In this statement OCLC arguing for its need to clarify the contract between OCLC and the libraries so that it can engage in revenue-producing deals with other entities. It seems unlikely that OCLC would not have the right or ability to make deals involving WorldCat records. If that is the question, then OCLC just needs an agreement with its membership that the organization can make use of the members' data in this way. But that's not the issue that the policy addressed. The issue isn't OCLC's use of the data but the libraries' use of the data. Without the policy, OCLC and the members are both free to monetize (or not monetize) the bibliographic records that they hold however they wish. The policy, however, specifically requires that all deals with other entities be controlled by OCLC. It also designates OCLC as the sole decision-maker for use of WorldCat records. It shouldn't be surprising that this may not be acceptable to all members.What's Good for OCLC....
Statements by OCLC always equate the interests of OCLC with the interests of the members, a view that clearly isn't shared by all members. In her talk, Younger brings up this tension between OCLC and its members, which she calls "the gap problem":
"Perhaps then in this context we should not be surprised that 'the gap problem' emerged, that the proposed record use policy was perceived by many as putting OCLC's interests ahead of those of member libraries." [Younger]Younger's talk places the solution to this problem squarely in the laps of the members, who are seen as the ones who need to change for the gap to be closed:
"Second, the equilibrium has been disrupted. We must revisit the social contract between OCLC and its members. ... But as new generations of members come into our ranks, it becomes more difficult to explain the social contract that is OCLC. Just as in ballroom dancing it takes two people to tango. We need to work together — OCLC and its members — to solve the gap problem as it relates to the past but more importantly to the future. We need to understand our respective roles in reinforcing the values for working within the OCLC collaborative and understand how those values can support working with other partners in the information ecosystem." [Younger]
As presented, the "gap" is that some members do not agree that what benefits OCLC always benefits the entire membership. The solution is to "reinforce the values for working within the OCLC collaborative." The assumption that what is good for OCLC is good for the members is presented without question. The 2008 policy lacked provisions for member input into the decision process relating to particular uses of WorldCat records, nor did it provide a mechanism for members to remedy decisions that they feel do not benefit them. Policy statements that give OCLC the sole decision-making power on record use ("may be withheld by OCLC, without liability, within its sole discretion" D. 3) understandably make some people nervous.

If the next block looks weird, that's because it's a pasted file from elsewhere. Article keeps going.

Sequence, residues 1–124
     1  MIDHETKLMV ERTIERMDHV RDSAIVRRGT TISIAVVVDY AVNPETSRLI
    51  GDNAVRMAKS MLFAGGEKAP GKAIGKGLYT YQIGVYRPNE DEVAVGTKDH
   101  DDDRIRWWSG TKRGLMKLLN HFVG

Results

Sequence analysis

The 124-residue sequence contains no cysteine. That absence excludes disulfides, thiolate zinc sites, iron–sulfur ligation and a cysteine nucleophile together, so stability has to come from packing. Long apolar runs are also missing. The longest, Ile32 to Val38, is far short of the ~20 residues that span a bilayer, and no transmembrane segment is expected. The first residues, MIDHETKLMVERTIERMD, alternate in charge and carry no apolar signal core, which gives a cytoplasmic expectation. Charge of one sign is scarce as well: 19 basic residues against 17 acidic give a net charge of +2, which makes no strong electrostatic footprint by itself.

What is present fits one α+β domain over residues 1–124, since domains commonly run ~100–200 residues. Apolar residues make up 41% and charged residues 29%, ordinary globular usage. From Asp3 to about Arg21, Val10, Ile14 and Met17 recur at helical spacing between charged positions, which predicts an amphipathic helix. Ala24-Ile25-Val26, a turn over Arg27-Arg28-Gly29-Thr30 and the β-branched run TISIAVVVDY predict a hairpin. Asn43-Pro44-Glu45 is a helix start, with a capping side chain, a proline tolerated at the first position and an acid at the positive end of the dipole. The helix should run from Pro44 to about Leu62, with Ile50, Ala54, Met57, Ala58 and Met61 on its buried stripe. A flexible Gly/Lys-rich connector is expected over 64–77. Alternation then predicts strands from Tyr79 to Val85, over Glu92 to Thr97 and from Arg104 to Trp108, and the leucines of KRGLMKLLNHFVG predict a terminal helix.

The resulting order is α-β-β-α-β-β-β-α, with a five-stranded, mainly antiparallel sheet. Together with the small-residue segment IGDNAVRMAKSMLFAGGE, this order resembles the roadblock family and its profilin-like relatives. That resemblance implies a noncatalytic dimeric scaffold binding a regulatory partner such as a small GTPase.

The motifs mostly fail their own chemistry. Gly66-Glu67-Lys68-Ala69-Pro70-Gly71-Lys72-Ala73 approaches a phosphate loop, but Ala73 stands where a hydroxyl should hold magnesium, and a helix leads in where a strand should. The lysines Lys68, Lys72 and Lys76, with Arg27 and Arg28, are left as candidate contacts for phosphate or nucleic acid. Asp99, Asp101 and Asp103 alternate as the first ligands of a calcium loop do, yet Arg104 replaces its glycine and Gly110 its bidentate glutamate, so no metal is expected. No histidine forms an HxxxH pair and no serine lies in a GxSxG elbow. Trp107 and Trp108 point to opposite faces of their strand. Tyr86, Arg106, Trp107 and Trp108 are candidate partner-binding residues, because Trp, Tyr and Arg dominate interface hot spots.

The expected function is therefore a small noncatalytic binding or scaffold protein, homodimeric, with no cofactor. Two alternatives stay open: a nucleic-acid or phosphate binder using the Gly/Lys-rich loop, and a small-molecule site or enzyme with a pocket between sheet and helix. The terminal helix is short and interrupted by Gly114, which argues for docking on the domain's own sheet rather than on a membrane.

The "gap" is presented as a difference in perception, but never a difference in actual benefits. For example, in the FAQ, OCLC explains that one of the needs is for a policy that ensures a "fair return" to OCLC members. That "fair return" is revenue that goes to OCLC.
"The existing Guidelines, and now the revised Policy seek to support WorldCat’s continued value by ensuring that the use and transfer of WorldCat data outside the OCLC cooperative provides a fair return to OCLC members and benefits libraries, archives, and museums in general." [FAQ]It shouldn't be surprising that a phrase like "fair return to OCLC members" causes members to ask what it is that they are getting. I can find nothing that explains what revenues have been received by OCLC for WorldCat data, and nothing specifically about how those revenues have benefited the cooperative. This points to what I perceive as one of the causes for the "gap problem" and that is a general lack of transparency about OCLC's business. It is not going to work to simply say to the membership "trust us, we have your interests in mind." The members have every right to ask for proof of that. OCLC, for its part, should be quite happy to show members how uses of WorldCat data have been for their benefit. (Note, OCLC's members council may have this information, but I don't find it in the annual reports, nor in the IRS 990 form, of which the most recent is the one for 2006.)